10, July, 2019

The last two years Badminton has been won by women on mares. While this alone is worthy of mention and a clear indication of gender equality at the very peak of the sport, an additional fact piqued my interest. Both winners are mothers of young children. Which means that alongside the challenges of new parenthood and an enforced layoff, both managed to retain or regain their competitive edge. This is altogether remarkable considering the especial physicality of eventing at 5* level and the fact that the rest of the field certainly wasn’t cutting them any slack for the their ‘delicate’ state. Not to mention the psychological effects of having a little human dependant on you.

The truth is, people respond to parenthood in ways that are as unique as they are. Some are overwhelmed by the gravity of nurturing a child, while others are driven to achieve as much as they can. Some find the changes in their bodies and responses all-encompassing while others are empowered by the process. It can only be assumed that Piggy & Jonelle are of the latter categories, although credit must also be given to them for choosing (or training!) supportive partners and teams.

While the psychological and physical response to squeezing a baby out are not to be sniffed at, it also pays to remember that this comes on the back of time out of the saddle, or at least time performing at a lower level than that which you’d normally be. Just how much time once again depends on the individual. Some people hang up their boots as soon as the second line appears on the testing stick while I know of at least one racehorse trainer who did pacework on the morning she went to hospital in the vain hope that she’d avoid chemical induction. As horse riders we often walk a tightrope between doing what we feel we are capable of and doing what we think we should be doing, and those that are in the public eye have to deal with pressure from outsiders as well. The thing is, statistically, the risk of horse riding to your baby is extremely low – even if you do fall (and most of us won’t put ourselves at increased risk of that!) our bodies are designed to protect our babies. When you look at the increased benefits of staying fit & sane, I know which side of the ‘should I ride’ equation I personally sit on. For those that love science it is hard to get specific stats, but I can tell you that in 10 years of A&E nursing I only saw one pregnant patient where we were concerned about her baby, and she’d had a car crash on her way back from skiing! The baby was fine – born normally some six weeks later.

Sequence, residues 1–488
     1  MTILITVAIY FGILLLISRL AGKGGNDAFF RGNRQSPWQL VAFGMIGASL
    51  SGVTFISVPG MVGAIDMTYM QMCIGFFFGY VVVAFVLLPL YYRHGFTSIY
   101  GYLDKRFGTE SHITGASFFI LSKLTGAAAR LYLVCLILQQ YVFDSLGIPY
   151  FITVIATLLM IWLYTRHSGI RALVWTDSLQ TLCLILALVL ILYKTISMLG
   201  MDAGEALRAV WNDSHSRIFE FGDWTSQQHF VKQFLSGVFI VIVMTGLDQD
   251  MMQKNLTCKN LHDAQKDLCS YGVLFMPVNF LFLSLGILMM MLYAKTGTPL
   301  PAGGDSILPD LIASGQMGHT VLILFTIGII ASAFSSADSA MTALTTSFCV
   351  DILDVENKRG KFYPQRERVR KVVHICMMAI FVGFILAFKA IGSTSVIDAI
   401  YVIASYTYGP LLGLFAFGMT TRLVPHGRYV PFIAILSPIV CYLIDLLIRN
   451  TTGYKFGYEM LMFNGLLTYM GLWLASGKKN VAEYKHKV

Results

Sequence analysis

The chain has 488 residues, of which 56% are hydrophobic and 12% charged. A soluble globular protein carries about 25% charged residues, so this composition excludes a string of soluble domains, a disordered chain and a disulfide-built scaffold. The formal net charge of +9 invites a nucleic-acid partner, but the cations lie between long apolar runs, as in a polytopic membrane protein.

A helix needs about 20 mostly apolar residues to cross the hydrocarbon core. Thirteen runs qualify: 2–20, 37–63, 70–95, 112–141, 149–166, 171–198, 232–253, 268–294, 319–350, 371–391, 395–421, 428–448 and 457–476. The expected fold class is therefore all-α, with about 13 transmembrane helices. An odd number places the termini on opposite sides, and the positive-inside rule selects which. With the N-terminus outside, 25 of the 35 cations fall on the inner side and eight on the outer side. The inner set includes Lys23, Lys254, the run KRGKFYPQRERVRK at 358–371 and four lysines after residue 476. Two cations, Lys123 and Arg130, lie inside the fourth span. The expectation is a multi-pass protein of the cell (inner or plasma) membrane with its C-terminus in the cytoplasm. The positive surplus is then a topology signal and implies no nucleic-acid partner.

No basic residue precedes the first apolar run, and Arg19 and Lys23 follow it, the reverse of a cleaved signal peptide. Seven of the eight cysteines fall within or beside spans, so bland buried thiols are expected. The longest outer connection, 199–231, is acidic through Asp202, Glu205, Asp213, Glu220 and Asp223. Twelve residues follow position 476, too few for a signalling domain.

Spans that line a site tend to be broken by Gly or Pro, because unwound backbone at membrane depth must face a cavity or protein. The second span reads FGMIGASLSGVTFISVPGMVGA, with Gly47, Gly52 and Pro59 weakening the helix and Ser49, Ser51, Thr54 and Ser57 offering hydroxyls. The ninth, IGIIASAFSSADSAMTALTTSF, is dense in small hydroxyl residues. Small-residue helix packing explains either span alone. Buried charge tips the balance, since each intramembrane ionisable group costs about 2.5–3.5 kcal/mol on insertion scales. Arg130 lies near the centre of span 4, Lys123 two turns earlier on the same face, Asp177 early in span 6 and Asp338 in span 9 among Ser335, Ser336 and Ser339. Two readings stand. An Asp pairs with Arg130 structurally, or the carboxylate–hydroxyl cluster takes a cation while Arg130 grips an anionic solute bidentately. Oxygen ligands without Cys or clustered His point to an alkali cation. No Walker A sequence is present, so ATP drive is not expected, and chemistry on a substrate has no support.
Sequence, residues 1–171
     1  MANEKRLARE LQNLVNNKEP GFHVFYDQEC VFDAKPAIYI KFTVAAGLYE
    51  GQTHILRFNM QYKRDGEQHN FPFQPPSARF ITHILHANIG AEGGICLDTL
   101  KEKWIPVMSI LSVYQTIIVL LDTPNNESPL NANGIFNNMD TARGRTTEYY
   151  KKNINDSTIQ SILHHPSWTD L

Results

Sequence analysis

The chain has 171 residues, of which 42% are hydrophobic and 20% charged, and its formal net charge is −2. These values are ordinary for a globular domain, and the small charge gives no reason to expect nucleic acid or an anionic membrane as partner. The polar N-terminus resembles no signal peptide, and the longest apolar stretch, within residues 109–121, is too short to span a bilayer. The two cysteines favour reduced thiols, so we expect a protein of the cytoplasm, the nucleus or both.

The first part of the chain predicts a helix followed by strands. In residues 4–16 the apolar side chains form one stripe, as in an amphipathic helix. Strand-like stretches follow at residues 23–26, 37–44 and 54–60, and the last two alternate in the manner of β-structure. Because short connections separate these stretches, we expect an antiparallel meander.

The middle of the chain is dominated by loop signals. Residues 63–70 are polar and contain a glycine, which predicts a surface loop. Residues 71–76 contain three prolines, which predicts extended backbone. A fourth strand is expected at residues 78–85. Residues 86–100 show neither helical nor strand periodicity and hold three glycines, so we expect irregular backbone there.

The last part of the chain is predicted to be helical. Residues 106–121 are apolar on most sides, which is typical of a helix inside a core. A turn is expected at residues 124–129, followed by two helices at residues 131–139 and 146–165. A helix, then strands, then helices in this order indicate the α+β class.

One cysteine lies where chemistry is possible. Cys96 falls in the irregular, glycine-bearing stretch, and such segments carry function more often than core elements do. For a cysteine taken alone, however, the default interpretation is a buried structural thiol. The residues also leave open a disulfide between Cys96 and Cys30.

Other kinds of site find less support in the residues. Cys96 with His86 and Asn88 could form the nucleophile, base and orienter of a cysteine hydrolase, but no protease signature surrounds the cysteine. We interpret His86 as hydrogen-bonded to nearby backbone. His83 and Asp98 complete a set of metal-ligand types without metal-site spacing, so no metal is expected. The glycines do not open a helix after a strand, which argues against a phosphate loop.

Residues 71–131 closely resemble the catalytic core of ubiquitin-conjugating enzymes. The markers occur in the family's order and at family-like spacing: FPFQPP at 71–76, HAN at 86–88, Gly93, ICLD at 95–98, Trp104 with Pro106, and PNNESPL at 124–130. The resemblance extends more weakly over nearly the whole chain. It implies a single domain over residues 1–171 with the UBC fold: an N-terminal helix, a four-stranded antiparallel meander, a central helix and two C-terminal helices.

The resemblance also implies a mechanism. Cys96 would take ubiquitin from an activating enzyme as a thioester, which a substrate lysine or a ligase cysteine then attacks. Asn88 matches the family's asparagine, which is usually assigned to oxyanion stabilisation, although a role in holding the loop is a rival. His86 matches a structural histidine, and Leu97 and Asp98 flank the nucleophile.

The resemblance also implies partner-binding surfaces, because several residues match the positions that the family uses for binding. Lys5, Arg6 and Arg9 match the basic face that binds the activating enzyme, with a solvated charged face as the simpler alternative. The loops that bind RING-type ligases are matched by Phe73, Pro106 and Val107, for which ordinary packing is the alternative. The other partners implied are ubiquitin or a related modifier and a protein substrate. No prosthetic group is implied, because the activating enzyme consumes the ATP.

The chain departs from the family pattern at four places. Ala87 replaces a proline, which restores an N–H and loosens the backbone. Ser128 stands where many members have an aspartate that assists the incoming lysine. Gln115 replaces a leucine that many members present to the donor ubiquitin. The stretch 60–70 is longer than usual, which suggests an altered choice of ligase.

Personally, I stayed active and riding until I was 8 months pregnant with my first – I evented at the equivalent of BE90 while 7 months gestation. With the second I wasn’t quite so gung-ho – relaxed ligaments meant things were much less comfortable. I compete at Regional Champs (Elementary level dressage) at 5 months then took the shoes off my pony the next day and turned him out to be feral for the next 4 months. But no matter if you take the middle road like me or are like my trainer friend, you will need to step back at some stage and that does have further impact. For those professionals who become pregnant the impact is heightened by their inability to earn an income while they are doing this, and the fact that the gap in formline will affect their standings and ergo, any chance they have to be selected for teams and nominated events. Both Piggy & Jonelle commented separately about this. Piggy stated she had very supportive owners that were standing by her, although these horses were given to other riders during her stint away from the ‘office’. Jonelle mentioned that she didn’t think it was OK that a maternity leave protocol wasn’t applied to eventers, a belief that is somewhat backed up by the fact that in March 2017 when she announced she was pregnant she was ranked number 7 and a year later she was at 212 – hardly a reflection of her ability!

But beyond pregnancy & childbirth, does this have a lesson for us all? I really think it does. So often we become with pressing on, always moving forward, always hitting goals. Yet sometimes our forward progression is interrupted through illness, injury, finances, life. If those at the top of the top can afford to take 9 months or more away from sport and still be the best of the best, shouldn’t we just all chill out?


This week, the photo below popped up on my timeline. It is Des, competing at Hartpury in 2014. I’m on enforced hiatus at the moment, but I can tell you, I’m not done yet – I’m not done.

Side view of a horse's head

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